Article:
Report: Obama says Romney hasn't 'owned up' to presidential responsibilities


This election, it's all about winning voter's hearts. An elderly supporter of US President Barack Obama joins others to cheer near a house where Obama held a campaign event in Los Angeles this June.


Jewel Samad

President Obama said that Republican presidential candidate Mitt Romney hasn't "owned up" to the responsibilities of being president, in an exclusive interview with the Associated Press.

Obama spoke to the AP leading up to the Republican National Convention, which kicks off on Monday in Tampa, Florida, attacking his GOP rival before one of the most pivotal points in his campaign. 

"I can't speak to Governor Romney's motivations," Obama told the AP Thursday, before heading to Camp David for a week with his family.

"What I can say is that he has signed up for positions, extreme positions, that are very consistent with positions that a number of House Republicans have taken. And whether he actually believes in those or not, I have no doubt that he would carry forward some of the things that he's talked about," Obama added.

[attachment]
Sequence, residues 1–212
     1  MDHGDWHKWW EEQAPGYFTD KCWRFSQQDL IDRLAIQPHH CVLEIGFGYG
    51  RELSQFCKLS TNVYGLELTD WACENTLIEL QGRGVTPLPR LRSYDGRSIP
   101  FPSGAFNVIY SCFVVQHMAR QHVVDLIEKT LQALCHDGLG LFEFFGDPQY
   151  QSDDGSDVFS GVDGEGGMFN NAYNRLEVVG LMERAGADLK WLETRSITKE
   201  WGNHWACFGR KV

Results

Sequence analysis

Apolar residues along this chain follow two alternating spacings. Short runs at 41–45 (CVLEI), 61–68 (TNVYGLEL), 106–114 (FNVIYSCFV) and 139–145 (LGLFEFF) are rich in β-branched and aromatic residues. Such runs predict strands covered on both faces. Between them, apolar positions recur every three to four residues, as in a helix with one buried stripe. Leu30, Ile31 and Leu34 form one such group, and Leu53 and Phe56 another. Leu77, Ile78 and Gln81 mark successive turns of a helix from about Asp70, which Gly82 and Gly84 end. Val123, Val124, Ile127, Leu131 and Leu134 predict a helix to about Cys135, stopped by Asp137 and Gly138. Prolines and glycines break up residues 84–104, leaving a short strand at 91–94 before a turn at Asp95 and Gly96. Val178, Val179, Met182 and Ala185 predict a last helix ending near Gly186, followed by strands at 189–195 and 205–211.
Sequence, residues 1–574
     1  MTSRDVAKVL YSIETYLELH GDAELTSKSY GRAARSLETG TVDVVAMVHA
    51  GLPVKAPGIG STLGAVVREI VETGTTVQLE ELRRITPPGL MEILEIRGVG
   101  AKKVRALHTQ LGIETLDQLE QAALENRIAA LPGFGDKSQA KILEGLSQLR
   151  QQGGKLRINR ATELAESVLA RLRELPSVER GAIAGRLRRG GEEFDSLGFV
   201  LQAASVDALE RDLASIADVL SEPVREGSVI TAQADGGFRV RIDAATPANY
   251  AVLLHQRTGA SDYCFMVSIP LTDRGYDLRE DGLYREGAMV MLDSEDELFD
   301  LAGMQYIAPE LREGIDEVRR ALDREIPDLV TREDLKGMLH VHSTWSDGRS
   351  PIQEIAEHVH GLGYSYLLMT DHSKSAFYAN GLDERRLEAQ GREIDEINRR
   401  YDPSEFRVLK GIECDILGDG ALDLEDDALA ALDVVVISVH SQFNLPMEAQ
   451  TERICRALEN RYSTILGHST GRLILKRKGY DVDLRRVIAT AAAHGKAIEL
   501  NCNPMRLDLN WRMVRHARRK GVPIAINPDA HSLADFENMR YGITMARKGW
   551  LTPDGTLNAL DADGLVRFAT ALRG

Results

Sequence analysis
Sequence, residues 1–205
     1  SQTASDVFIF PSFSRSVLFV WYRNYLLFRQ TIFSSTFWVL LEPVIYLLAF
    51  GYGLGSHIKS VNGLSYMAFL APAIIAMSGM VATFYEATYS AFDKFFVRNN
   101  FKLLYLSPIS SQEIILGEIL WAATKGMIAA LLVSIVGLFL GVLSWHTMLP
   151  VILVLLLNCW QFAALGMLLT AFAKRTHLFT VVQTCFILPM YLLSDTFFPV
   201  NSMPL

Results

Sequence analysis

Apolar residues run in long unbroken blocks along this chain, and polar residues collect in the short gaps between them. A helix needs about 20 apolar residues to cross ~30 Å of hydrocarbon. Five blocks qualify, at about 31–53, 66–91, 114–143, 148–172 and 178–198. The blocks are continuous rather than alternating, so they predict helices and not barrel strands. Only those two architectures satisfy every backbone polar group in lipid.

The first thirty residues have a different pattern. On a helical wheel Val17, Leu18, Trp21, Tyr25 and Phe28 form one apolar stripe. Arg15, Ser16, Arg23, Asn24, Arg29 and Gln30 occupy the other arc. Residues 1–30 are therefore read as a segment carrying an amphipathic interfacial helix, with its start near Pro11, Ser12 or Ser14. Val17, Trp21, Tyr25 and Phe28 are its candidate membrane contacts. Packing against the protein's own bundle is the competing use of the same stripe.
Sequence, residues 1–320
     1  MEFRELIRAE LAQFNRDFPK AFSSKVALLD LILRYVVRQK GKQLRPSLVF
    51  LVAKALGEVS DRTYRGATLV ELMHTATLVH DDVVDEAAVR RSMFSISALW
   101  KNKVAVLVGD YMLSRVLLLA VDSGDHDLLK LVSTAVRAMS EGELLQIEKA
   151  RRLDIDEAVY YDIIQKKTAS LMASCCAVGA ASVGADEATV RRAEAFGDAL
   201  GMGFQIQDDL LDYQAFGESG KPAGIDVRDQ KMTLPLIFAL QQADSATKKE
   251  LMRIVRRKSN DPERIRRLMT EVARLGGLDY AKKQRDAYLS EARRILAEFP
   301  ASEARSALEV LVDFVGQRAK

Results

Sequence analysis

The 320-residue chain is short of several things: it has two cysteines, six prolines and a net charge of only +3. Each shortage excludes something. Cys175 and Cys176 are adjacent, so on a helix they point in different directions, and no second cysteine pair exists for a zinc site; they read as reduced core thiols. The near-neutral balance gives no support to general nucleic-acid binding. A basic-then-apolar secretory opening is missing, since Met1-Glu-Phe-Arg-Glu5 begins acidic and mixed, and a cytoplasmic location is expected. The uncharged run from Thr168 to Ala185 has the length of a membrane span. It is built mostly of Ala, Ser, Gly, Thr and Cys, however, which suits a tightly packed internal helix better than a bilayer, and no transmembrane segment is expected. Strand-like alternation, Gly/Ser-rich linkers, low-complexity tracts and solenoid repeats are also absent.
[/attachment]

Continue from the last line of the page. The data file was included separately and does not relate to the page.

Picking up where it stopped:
Obama and his campaign have been trying to paint a picture of the Romney-Ryan ticket as "too extreme" over the past few months, Politico reported, a strategy recommended to them by former President Bill Clinton. 

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The AP's White House correspondent Ben Feller described Obama as "at ease but doggedly on script," turning most questions about Romney and running mate Paul Ryan "into answers about starkly different visions for helping the middle class." 

As GlobalPost's election correspondent Jean MacKenzie wrote, both candidates are painting less-than-ideal portraits of the current state of America: 

President Barack Obama is selling a picture of a country mired deep in class warfare, where the rich are trying to manipulate the system for their own gain and everyone else’s detriment. He, and his government, are all that stands in front of a wealthy oligarchy determined to plunder America.

Challenger Mitt Romney paints a Norman Rockwell scene of grit, faith and hard work, threatened by a power-hungry, free-spending, “European”-style president who does not understand the values that made America great.

Neither vision is particularly appealing.

"We aren't where we need to be. Everybody agrees with that," said Obama. "But Governor Romney's policies would make things worse for middle-class families and offer no prospect for long-term opportunity for those striving to get into the middle class."